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**Torque Formula: **The torque formula is one of the most important and widely used formulas in physics. This formula is primarily used to derive the value of Torque. Torque is an important concept related to the rotational motion. Torque is basically a measure of force that causes a rotational motion in an object. Its effect causes the object to rotate on its axis. Torque is the fundamental force behind all rotational events, including turning a wrench, rotating a wheel, and the Earth spinning on its axis. Let us explore the torque concepts and its formula in detail by going through solved examples.

## Torque Formula

Many students find it hard to understand and apply the formula of torque correctly. It is one of the most feared topics in physics. The primary reason behind the complexity of the formula for torque is its non-linear, i.e. rotational nature. Torque is the twisting or turning effect of force and the formula of the torque is used to find the value of that twisting effect. The point on which the object rotates is known as its axis.

The formal formula of the torque is given by

T = r x F x Sinθ

Where, T = Torque

F = Magnitude of force applied

r = distance of the axis of rotation from the point where F is applied

θ = angle between r and F

Must check: What is the Formula of Force?

## What is Torque

Torque is simply the tendency of a force to turn or twist in physics. In linear kinematics, force is what causes an object to accelerate. Similarly, torque is responsible for angular acceleration. As a result, torque is defined as the rotating equivalent of linear force. Torque, in other terms, is the force that may cause an item to rotate around an axis.

## Torque Formula Units

As we can observe from the formula for the torque mentioned above, the unit of Force is Newton (N) and the unit of distance must be in meters (m). As Sinθ is a trigonometric ratio, it has no units. So using the basic concepts of units, we get the unit of torque as the Newton meter (Nm). So the SI unit of torque is Nm.

## Torque Formula in Vector Form

Torque is a vector quantity, i.e., it has both magnitude and direction. Magnitude or direction alone cannot determine the value of torque. As torque is a vector quantity, the formula for torque can be demonstrated in the vector form. The radius vector (from the axis of rotation to the site of force application) and, consequently, the force vector are combined to generate torque in vector form. The formula of torque in vector form is given below:

Torque = r x F, where r is the perpendicular distance vector while F is the force vector

When we apply the operation of cross product on force and radius, the formula for torque becomes:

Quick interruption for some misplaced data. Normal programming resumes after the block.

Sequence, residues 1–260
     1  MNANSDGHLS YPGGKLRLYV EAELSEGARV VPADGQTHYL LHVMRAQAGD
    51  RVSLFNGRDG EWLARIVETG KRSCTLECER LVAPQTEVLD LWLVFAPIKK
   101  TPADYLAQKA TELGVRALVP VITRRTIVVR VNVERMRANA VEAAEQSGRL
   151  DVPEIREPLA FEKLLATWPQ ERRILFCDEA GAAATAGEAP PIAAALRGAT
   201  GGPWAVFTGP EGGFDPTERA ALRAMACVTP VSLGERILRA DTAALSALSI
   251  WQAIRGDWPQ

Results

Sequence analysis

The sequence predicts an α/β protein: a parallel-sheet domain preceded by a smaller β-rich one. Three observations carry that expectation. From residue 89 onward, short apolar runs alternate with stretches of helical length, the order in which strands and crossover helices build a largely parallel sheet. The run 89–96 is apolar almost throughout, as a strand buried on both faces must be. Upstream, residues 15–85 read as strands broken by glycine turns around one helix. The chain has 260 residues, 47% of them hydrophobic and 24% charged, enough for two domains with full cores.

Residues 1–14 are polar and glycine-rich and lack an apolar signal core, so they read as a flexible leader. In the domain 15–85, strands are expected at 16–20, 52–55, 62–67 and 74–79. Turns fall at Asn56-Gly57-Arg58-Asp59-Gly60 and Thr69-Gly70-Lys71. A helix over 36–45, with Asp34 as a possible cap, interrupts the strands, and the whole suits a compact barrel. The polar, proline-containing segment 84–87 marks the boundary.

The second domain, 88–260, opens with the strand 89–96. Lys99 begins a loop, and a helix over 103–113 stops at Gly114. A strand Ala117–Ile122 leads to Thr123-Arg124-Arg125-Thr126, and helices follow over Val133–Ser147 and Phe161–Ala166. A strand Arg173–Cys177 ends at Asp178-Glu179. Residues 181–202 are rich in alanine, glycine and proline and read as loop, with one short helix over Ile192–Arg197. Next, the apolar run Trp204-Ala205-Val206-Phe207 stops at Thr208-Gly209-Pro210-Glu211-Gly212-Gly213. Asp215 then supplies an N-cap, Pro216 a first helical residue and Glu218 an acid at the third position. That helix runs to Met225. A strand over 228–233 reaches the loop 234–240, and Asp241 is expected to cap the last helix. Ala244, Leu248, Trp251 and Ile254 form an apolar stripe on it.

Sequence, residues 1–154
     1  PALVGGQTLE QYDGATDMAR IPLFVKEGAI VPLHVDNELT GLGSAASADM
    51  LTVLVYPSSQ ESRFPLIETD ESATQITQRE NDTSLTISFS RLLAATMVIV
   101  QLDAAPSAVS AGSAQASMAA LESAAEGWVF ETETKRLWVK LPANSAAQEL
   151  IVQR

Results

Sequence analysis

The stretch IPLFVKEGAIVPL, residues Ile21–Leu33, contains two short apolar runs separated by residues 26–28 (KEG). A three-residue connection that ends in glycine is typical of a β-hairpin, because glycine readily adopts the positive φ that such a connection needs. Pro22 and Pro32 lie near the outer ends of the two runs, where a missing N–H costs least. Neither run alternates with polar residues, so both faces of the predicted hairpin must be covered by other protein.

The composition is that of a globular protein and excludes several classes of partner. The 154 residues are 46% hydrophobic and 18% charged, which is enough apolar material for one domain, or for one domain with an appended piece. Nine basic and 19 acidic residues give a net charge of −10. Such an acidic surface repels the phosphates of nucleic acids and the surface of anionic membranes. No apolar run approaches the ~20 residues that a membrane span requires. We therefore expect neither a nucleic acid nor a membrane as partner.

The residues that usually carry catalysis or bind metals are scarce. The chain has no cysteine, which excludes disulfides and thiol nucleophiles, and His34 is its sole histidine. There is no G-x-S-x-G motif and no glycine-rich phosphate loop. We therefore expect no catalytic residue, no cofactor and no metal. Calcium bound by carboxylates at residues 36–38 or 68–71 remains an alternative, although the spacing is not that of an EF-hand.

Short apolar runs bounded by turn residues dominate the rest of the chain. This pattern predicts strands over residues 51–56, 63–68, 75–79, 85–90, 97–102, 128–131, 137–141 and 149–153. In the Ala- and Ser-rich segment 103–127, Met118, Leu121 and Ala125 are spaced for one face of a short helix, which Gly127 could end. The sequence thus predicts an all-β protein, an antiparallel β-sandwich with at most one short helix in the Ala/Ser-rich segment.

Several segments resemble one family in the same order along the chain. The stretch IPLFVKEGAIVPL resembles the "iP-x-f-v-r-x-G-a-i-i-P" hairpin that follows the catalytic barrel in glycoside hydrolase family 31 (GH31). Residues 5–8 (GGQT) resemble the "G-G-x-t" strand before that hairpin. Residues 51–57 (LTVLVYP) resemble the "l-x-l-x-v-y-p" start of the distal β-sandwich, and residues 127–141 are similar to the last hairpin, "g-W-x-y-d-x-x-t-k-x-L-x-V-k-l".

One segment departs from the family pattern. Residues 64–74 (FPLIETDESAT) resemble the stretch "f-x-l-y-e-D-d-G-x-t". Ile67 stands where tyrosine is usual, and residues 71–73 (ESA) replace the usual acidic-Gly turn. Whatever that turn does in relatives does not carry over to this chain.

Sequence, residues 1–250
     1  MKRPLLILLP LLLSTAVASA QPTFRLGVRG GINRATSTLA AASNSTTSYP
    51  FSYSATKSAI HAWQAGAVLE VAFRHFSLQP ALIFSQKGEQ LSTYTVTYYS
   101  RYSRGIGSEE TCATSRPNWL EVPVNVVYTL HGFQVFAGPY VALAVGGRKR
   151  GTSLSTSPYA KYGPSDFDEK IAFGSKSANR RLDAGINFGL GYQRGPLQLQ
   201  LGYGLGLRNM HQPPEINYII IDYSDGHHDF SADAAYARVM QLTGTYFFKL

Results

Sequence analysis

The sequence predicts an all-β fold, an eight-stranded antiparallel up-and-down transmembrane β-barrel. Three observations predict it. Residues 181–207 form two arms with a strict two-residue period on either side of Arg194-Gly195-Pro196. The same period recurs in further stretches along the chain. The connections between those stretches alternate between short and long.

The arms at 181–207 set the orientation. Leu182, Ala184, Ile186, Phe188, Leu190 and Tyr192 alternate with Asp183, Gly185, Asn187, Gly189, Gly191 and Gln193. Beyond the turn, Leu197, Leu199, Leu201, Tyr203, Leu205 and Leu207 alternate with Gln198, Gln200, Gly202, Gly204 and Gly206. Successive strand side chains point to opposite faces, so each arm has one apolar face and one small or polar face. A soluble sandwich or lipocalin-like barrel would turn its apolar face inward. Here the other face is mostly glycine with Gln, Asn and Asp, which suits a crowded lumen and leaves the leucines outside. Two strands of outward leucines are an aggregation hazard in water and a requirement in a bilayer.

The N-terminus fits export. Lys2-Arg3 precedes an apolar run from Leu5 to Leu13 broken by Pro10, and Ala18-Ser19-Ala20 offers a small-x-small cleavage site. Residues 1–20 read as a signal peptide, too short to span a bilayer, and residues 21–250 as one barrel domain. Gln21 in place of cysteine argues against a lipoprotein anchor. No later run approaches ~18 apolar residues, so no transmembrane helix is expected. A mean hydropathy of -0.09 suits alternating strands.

Torque =*| r | x | F* | Sinθ

Where θ is the angle between the radius and force. In other words, the perpendicular component of the force, i.e. FSinθ contributes to the torque.

## Relationship between Torque and Moment of Inertia

Just as Torque is the analogous physical quantity of Force in the rotational motion, so is the moment of Inertia the analogous physical quantity of mass in the rotational system. Similar to how mass determines the force required for acceleration, a rigid body’s moment of inertia, also known as the mass moment of inertia, angular mass, or rotational inertia, is a property that determines the torque required for a desired angular acceleration about a rotational axis. The formula of torque can be used to derive the relation between the moment of Inertia and Torque. The formula of torque in terms of the moment of inertia is given below:

T = I x α

Here, T = Torque,

I = Moment of Inertia

α = Angular acceleration

## Torque Formula Applications

The formula of the torque finds its application not only in solving academic problems but also in real-life scenarios. This formula can be applied anywhere where the torque comes into play. Its effect is also associated with angular momentum and rotation. Some of the areas where the formula of torque finds its relevance are listed below.

- Vehicle Dynamics
- Machinery
- Rotational Equilibrium
- Gear Systems
- Skating

These are just a few real-world applications of this formula. The formula has various applications in engineering and technology.

## Torque Formula Solved Examples

Learning the formula is one part, but applying it correctly is the most important aspect of learning it. Most students struggle with the correct application of the formula for torque. The solved examples given below will give you better clarity about how to apply the formula for torque.

**Example 1: A door that is 1.0 m from the hinges is being pushed open by a person exerting a force of 15 N perpendicular to the door handle. Determine the torque applied to that door.**

As given, F = 15 N

R = 1.0 m

By the torque formula T = r x F

T = 1 x 15

T = 15 Nm

So, the torque applied to the door is 15 Nm.

**Example 2: A nut is loosened using a wrench. The person applies a force of 10 N at the end of the 0.6 m-long wrench handle. If the force vector and the vector of the lever arm are at a 30° angle, determine the torque delivered to the nut.**

Given,

Force (F) = 10 N

r = 0.6 m

θ = 30**°**

As Torque (T) = r x F x Sinθ

T = 0.6 x 10 x Sin 30**°**

T = 6 x 0.5

T = 3 Nm

**Example 3: A 20 m long wind turbine blade experiences a 200 N perpendicular wind force at a point 10 m from the axis of rotation. Determine the amount of wind turbine blade torque.**

Given the value of Force (F) = 200 N

r = 10 m

θ = 90**°**

By using the formula of Torque, T = r x F x Sinθ we get,

T = 10 x 200 x Sin 90**°**

T = 2000 Nm